The City of San Diego is California’s second largest city in population with over 1 million inhabitants. The city has a mild climate with access to beaches, lakes, mountain ranges, and deserts.
The San Diego Police Department needs to hire 700 officers in the next five years. The department runs four police academies a year, with about 50 recruits attending each. The department offers more than 40 job assignments, specialized positions, and opportunities to advance careers.
The men and women of the department know that it takes an exceptional type of individual to put personal interests on hold and serve the nation abroad. They understand that individuals who serve in the military abide by the guiding principles of honor, integrity, loyalty, trust, respect and justice. To serve in the military, one must have determination, resilience, a strong work ethic and uncompromised commitment. Veterans and active duty military personnel, by and large, already have the high moral character and strong work ethic that are critical for the effective and just enforcement of the city’s laws.
The San Diego Police Department actively tests at Camp Pendleton and Naval Base San Diego. The department has also attended career fairs at Camp Pendleton, Naval Base San Diego, Marine Corps Recruit Depot San Diego, Marine Corps Air Station Miramar, Naval Base Coronado, Marine Corps Combat Air Ground Combat Center Twentynine Palms, Fort Irwin, and Marine Corps Air Station Yuma.
A VETERAN SUCCESS | TAERANCE OH
Officer Taerance Oh served in the United States Marine Corps from 1997 to 2001, most recently as a sergeant. His main responsibilities in the military were as an anti-tank assault man. Now Oh is a Police Officer II, and works as a Police Academy training officer.
He started working at the San Diego Police Department in 2003. During his police career, he has worked on the Central Division Patrol, Central Division Neighborhood Resource Team, Vice Unit, Gang Unit, and SWAT.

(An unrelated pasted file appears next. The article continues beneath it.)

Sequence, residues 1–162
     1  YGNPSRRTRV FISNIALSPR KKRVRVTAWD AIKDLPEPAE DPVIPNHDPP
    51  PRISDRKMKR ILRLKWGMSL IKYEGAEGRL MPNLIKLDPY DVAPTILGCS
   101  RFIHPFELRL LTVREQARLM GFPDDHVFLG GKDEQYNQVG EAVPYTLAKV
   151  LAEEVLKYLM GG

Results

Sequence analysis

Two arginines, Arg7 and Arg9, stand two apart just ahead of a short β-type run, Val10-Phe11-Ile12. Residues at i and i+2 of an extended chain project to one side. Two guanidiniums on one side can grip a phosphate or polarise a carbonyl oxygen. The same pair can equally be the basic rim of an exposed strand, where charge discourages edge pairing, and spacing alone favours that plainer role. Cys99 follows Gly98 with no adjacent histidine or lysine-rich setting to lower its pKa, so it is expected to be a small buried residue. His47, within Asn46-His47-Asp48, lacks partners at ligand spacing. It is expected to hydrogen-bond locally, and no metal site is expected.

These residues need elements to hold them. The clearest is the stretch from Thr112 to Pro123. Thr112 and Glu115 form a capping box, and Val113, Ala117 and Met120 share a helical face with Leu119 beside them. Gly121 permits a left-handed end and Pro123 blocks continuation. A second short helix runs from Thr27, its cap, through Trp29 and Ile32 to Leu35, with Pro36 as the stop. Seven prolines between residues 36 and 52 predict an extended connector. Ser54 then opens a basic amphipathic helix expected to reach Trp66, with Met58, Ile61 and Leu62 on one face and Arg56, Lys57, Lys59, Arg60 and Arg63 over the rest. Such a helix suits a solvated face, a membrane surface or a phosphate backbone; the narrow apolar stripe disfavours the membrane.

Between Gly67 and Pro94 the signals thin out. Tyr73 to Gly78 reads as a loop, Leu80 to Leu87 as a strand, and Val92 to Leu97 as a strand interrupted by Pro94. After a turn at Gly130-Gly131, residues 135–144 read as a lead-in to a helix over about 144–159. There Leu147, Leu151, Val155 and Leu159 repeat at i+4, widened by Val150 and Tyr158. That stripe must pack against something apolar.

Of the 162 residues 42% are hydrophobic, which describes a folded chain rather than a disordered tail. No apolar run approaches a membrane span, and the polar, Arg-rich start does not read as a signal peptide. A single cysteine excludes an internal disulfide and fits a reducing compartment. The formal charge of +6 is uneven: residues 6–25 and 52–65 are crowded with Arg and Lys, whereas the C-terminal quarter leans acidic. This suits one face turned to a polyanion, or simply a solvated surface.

Oh understands that his military career helped him get his job with the SDPD. “My service in the Marines made me a more viable candidate,” he said. “The basic skills as I learned as Marine helped me get through the Police Academy physically and mentally.”
Oh found a lot of similarities between the military and a big city police department. “The San Diego Police Department is a paramilitary organization,” he said. “There are several veterans and active reservists on our department. Like the military, there is strong brother/sisterhood. The camaraderie is great, and we always strive to work as a team. Having military experience makes it an easy transition to the San Diego Police Department.”
He said that servicemembers and veterans should never get discouraged. “Don’t give up,” Oh said. “There is something out there for you. Whatever career you follow, always strive to be the best and lead by example.”
College degrees also help, so Oh encourages servicemembers and veterans to take advantage of any schooling opportunities. “Continue with your education,” he said. “Within two years of working as a police officer, you will be paid more for having your college degree. Also, having a degree will make you a more viable candidate for promotion to sergeant, lieutenant, captain, and more.
“This career is very rewarding. If you want to continue to serve our beloved country and genuinely help others, then being a police officer is the best career for you.”